Most user interfaces for exportables are very similar, so CTools includes a tool to provide the framework for the most common UI. This tool is a plugin of the 'export_ui' type. In order to create a UI for your exportable object with this tool, you first need to ensure that your module supports the plugin:

function HOOK_ctools_plugin_directory($module, $plugin) {
  if ($module == 'ctools' && $plugin == 'export_ui') {
    return 'plugins/' . $plugin;

Then, you need to create a plugin .inc file describing your UI. Most of the UI runs with sane but simple defaults, so for the very simplest UI you don't need to do very much. This is a very simple example plugin for the 'example' export type:

$plugin = array(
  // The name of the table as found in the schema in hook_install. This
  // must be an exportable type with the 'export' section defined.
  'schema' => 'example',

  // The access permission to use. If not provided it will default to
  // 'administer site configuration'
  'access' => 'administer example',

  // You can actually define large chunks of the menu system here. Nothing
  // is required here. If you leave out the values, the prefix will default
  // to admin/structure and the item will default to the plugin name.
  'menu' => array(
    'menu prefix' => 'admin/structure',
    'menu item' => 'example',
    // Title of the top level menu. Note this should not be translated,
    // as the menu system will translate it.
    'menu title' => 'Example', 
    // Description of the top level menu, which is usually needed for
    // menu items in an administration list. Will be translated
    // by the menu system.
    'menu description' => 'Administer site example objects.',

  // These are required to provide proper strings for referring to the
  // actual type of exportable. "proper" means it will appear at the
  // beginning of a sentence.
  'title singular' => t('example'),
  'title singular proper' => t('Example'),
  'title plural' => t('examples'),
  'title plural proper' => t('Examples'),

  // This will provide you with a form for editing the properties on your
  // exportable, with validate and submit handler.
  // The item being edited will be in $form_state['item'].
  // The submit handler is only responsible for moving data from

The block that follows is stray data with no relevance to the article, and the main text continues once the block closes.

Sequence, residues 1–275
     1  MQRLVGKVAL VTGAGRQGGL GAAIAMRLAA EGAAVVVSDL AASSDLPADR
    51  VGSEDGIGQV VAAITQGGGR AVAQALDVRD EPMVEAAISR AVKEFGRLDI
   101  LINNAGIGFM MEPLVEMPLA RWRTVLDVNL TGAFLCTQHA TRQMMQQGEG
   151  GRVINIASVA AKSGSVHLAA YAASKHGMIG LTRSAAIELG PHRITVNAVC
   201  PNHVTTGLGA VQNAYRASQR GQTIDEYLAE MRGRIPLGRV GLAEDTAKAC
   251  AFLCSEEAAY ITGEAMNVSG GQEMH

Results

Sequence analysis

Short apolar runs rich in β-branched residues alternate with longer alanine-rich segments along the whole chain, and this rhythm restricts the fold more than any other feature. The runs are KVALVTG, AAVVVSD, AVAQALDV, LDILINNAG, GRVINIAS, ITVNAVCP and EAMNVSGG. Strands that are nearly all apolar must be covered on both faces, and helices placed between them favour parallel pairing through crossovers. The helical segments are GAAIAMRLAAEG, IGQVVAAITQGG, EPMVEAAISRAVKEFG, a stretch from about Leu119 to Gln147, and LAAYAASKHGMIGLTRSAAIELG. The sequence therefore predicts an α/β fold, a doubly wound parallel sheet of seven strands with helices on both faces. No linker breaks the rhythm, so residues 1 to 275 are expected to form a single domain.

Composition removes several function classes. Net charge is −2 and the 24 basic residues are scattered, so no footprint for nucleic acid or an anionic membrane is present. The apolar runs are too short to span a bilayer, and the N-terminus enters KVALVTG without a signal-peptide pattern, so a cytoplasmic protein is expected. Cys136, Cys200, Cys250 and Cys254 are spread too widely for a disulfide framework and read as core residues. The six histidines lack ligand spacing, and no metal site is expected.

// $form_state['values'] to $form_state['item'].
  // All callbacks will accept &$form and &$form_state as arguments.
  'form' => array(
    'settings' => 'example_ctools_export_ui_form',
    'validate' => 'example_ctools_export_ui_form_validate',
    'submit' => 'example_ctools_export_ui_form_submit',


For a more complete list of what you can set in your plugin, please see ctools_export_ui_defaults() in includes/ to see what the defaults are.

More advanced UIs

The bulk of this UI is built on an class called ctools_export_ui, which is itself stored in ctools/plugins/export_ui as the default plugin. Many UIs will have more complex needs than the defaults provide. Using OO and overriding methods can allow an implementation to use the basics and still provide more where it is needed. To utilize this, first add a 'handler' directive to your plugin .inc file:

   'handler' => array(
     'class' => 'ctools_export_ui_example',
     'parent' => 'ctools_export_ui',
Then create your class in ctools_export_ui_example.class.php in your plugins directory:
class ctools_export_ui_example extends ctools_export_ui {


You can override any method found in the class (see the source file for details). In particular, there are several list methods that are good candidates for overriding if you need to provide richer data for listing, sorting or filtering. If you need multi-step add/edit forms, you can override edit_page(), add_page(), clone_page(), and import_page() to put your wizard in place of the basic editing system. For an example of how to use multi-step wizards, see the import_page() method.